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The stock code GAS is held by Vietnam Oil and Gas Group (100% state capital) to 95.76%. So all decisions of GAS are decided and governed by the state!

Currently, the trend of calling for large shareholders is increasingly prevalent. Inviting large shareholders to help businesses increase their financial potential. At the same time, creating sustainable competitive advantage in the competitive era is the current inevitable trend.

Recently, SK Group has decided to pour 23,300 billion VND (equivalent to 1 billion USD) into Vingroup. And it was at this event that SK Group became a major shareholder in Vingroup.

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SK Group is known as one of the largest trading groups in Korea. This giant is currently landing at 4th place in the top 10 in Korea. This transaction has helped Vingroup to carry out nearly 62% of the private share offering through the 2019 annual meeting.

And in June 2019, Viet Capital Securities (VCSC) became a major shareholder of Saigon Thuong Tin Real Estate (TTC Land). By buying back 18 million shares of TTC Land worth 150 billion VND. With the amount of shares held, VCSC has 5.3% shares of the company.

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III. Small shareholders – who are they?

These are shareholders who hold less than 5% of the company’s shares. Usually individual investors.

These shareholders are often more inferior. Because of holding a small amount of shares, business owners are also somewhat unrepentant.

Because they think small shareholders invest mainly because they want personal profits. The activities of the business are also not interested in the slightest. It’s okay to have a profit, but once there is a loss, there will be a dispute.

And gradually businesses are also indifferent to small shareholders. There have been many cases of businesses being brought to court because small shareholders felt oppressed and disrespected.

An illustration of the share ratio of Vinamilk Dairy Joint Stock Company. The king in the dairy business village of Vietnam.

See also: What is Tourniquet – Meaning of the word Tourniquet

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Currently, the total shares held by major shareholders in Vinamilk is 1,160,467,659, equivalent to 66.63% of the company’s current shares. And 580,943,924 the number of shares owned by small shareholders.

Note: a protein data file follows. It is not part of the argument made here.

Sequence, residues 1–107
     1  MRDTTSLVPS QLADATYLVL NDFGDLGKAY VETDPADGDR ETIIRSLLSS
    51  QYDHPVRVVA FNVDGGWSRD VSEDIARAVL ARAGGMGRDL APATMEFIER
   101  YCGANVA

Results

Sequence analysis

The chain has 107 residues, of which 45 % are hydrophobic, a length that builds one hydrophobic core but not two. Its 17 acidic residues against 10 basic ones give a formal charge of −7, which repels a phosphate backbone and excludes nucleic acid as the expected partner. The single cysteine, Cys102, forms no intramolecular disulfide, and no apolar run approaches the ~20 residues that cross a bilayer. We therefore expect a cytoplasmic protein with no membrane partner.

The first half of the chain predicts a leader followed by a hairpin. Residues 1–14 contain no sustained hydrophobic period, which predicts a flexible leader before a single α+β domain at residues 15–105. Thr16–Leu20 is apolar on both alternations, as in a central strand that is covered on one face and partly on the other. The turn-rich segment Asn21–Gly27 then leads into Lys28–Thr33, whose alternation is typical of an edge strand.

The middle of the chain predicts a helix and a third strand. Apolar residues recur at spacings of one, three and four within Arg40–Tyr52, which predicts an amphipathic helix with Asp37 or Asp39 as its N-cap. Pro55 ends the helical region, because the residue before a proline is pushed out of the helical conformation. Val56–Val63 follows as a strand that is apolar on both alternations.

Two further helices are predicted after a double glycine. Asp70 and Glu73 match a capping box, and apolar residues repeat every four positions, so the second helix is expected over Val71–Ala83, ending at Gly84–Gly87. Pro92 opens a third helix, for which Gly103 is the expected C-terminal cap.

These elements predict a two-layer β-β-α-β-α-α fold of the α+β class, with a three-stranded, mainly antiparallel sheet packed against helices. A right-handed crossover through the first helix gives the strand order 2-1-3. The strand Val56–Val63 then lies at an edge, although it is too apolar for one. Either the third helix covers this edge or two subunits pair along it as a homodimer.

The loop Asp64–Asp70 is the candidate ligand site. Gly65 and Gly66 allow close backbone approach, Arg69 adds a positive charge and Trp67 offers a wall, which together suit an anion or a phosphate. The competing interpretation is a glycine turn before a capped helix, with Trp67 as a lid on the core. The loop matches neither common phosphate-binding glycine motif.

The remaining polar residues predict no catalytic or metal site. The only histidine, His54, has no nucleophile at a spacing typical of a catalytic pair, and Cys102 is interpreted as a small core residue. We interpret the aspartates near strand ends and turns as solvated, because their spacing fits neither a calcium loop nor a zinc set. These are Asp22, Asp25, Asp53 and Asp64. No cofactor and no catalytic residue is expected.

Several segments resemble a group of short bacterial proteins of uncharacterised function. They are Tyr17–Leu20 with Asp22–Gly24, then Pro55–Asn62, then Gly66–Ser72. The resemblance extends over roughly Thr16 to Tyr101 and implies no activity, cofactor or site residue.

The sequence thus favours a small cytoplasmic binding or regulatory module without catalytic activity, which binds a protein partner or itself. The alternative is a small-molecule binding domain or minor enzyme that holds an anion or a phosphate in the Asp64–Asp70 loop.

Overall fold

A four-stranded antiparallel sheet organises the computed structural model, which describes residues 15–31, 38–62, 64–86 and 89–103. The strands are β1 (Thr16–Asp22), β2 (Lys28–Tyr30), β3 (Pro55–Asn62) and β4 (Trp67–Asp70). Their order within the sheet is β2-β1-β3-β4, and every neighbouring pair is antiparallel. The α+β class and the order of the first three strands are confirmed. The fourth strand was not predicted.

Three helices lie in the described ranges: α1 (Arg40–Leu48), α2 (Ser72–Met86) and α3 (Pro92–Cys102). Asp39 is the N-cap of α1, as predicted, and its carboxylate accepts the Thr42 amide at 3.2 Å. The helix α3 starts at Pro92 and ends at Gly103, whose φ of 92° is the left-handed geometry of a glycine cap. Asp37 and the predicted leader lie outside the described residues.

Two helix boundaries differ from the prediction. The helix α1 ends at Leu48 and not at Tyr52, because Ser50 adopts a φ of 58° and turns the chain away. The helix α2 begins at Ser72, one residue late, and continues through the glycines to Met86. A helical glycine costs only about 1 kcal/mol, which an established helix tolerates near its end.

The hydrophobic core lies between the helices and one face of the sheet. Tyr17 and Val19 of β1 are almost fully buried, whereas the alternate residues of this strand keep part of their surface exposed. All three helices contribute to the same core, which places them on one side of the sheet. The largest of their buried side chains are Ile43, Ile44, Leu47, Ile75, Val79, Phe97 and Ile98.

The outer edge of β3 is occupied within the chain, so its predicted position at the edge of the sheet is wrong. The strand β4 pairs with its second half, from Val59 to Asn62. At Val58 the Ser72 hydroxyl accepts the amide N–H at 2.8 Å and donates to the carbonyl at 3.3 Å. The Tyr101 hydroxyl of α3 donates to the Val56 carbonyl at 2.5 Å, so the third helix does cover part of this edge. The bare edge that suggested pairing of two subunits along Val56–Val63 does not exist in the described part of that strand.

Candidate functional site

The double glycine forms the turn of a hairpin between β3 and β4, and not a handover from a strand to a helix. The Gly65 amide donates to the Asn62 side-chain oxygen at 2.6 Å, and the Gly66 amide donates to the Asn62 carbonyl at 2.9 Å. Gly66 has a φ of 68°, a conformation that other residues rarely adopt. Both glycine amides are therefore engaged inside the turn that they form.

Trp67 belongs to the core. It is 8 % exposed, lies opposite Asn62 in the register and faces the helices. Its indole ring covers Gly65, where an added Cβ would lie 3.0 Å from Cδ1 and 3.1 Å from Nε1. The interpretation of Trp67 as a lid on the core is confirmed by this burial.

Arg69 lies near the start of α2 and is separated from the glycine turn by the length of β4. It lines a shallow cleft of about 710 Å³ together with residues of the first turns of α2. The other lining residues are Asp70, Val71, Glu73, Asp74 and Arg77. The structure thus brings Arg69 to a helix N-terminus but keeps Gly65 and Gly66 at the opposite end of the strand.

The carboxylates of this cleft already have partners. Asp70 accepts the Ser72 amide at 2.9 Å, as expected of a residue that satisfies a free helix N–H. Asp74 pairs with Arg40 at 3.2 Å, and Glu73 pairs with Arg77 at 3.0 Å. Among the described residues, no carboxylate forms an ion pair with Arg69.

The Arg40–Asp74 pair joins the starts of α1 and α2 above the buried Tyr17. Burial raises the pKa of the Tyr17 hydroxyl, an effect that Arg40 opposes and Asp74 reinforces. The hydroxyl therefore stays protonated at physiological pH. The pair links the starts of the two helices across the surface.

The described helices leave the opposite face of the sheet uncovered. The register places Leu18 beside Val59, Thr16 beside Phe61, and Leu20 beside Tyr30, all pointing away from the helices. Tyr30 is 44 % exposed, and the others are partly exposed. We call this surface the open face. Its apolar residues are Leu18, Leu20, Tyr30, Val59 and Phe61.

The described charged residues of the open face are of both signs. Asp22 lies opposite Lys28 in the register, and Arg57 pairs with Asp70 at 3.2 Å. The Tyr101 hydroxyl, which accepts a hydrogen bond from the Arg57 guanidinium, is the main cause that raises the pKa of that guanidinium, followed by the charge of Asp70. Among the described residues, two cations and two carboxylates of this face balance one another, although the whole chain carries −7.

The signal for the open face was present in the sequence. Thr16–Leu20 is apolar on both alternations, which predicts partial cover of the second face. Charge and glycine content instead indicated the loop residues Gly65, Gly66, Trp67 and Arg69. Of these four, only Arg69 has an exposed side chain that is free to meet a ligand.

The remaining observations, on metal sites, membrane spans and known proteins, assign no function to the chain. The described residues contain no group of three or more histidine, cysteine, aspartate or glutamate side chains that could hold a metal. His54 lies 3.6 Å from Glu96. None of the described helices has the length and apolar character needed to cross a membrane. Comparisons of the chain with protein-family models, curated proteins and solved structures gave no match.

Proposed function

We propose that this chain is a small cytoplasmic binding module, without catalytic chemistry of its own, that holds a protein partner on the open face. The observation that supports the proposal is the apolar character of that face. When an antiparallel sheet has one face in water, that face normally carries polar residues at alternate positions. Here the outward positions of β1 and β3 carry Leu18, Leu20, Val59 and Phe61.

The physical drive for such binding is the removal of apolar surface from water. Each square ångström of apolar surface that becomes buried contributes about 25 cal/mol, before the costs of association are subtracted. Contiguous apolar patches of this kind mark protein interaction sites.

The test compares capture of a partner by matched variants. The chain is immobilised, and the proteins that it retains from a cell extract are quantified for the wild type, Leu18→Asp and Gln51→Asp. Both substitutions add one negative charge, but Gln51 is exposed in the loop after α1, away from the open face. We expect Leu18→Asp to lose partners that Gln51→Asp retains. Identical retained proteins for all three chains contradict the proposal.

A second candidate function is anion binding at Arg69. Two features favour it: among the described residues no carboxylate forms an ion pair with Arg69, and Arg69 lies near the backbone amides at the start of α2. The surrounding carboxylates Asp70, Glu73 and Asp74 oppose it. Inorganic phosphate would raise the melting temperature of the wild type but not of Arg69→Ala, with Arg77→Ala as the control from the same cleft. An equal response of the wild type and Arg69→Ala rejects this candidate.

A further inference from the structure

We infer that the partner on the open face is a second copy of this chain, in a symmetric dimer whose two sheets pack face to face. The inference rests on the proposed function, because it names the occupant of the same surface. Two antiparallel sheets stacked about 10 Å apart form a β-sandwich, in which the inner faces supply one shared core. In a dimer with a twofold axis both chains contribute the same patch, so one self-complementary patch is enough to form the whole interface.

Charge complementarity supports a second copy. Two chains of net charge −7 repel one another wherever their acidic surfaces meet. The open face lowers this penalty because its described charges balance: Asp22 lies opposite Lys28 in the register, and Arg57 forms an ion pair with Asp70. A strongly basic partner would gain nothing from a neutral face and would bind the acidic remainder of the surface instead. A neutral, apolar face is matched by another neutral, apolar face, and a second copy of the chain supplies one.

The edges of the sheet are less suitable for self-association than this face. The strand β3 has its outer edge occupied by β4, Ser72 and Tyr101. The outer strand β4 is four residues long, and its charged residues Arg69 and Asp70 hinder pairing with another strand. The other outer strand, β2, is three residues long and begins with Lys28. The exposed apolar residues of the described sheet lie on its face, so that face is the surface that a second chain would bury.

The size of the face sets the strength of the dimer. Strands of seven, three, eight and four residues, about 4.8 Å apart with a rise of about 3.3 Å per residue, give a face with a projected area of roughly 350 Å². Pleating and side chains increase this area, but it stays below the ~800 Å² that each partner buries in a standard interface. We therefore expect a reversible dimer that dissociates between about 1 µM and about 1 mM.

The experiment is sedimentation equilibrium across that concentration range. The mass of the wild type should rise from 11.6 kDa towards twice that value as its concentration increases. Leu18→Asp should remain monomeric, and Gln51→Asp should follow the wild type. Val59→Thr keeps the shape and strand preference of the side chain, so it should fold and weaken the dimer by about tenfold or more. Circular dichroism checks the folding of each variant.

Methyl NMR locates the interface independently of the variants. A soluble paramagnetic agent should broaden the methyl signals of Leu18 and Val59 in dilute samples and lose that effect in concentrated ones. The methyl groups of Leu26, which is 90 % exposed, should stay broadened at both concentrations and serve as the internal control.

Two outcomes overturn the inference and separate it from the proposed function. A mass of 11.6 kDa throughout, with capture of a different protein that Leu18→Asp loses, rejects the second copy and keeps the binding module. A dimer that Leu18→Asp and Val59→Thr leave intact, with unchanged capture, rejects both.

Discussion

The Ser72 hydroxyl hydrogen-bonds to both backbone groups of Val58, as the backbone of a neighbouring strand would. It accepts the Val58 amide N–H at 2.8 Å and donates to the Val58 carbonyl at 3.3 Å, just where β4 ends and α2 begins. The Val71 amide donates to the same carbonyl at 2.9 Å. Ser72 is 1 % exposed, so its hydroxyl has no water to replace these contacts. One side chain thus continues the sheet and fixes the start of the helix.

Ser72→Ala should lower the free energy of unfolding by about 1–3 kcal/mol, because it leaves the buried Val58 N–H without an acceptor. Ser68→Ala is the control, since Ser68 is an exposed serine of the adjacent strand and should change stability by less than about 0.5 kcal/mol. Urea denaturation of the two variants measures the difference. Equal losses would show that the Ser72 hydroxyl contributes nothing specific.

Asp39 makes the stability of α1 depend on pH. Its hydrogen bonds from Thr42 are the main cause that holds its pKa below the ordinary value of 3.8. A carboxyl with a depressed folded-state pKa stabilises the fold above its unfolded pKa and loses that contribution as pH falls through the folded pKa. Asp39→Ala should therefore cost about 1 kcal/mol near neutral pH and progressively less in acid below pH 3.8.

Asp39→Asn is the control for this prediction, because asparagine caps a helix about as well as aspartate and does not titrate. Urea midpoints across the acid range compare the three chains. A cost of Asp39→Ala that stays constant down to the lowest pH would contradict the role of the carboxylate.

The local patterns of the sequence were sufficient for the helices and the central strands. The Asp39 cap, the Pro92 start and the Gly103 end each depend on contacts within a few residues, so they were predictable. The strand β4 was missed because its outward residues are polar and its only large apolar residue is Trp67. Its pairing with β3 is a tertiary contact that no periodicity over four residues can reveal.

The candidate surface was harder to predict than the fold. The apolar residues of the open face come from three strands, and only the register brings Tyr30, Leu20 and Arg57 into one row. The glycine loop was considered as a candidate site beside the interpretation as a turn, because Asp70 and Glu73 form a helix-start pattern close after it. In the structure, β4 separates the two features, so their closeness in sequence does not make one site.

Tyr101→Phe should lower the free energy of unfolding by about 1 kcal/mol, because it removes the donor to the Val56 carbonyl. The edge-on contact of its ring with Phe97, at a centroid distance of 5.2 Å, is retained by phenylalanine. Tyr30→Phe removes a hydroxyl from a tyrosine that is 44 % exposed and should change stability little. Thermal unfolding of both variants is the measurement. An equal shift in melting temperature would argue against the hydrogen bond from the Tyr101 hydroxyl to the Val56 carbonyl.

IV. 2 opposite sides between shareholders

How do small & large shareholders affect the stock?

The company’s shares at first glance merely reflect the business activities of the company in the marketplace. Transactions or mergers will all affect the par value of shares more or less. But existing in it is a reflection of internal activities between large and small shareholders or both shareholders and the management board of the business.

An organization that is considered to have potential for growth must ensure that it is “warm inside and out”. The stock increased steadily but internally there was frequent turmoil. As a result, sooner or later, this business will also fly out of the market without wings.

The following cases can be considered:

Who is the battle between large and small shareholders?

Big fish and small fish to survive in a blue ocean, fights happen as usual. Big fish eat small fish or small fish scheming, cunningly teaming up to trick the big fish into the trap.

The natural environment is like that, the business market is no less competitive. Large shareholders with strong financial potential of course “weight” voice is also proportional. Many large shareholders rely on their power to suppress the interests of small shareholders.

Or small shareholders for the sake of little profits that link up, inciting a coup. But if the profits are steady, they don’t care at all about the operation of the business. Because they are “small”, they have no influence, so they are also indifferent to the business.

After all, the main purpose of both is investment for profit. But they are not aware of the actions that they greatly affect the operation of the business. Dragging the stock’s par value down catastrophically while being able to join forces to help the business grow more and more.

Therefore, investors need to carefully consider the organizational structure of shareholders before deciding to place orders for certain businesses.

Discrimination also affects stock prices in the market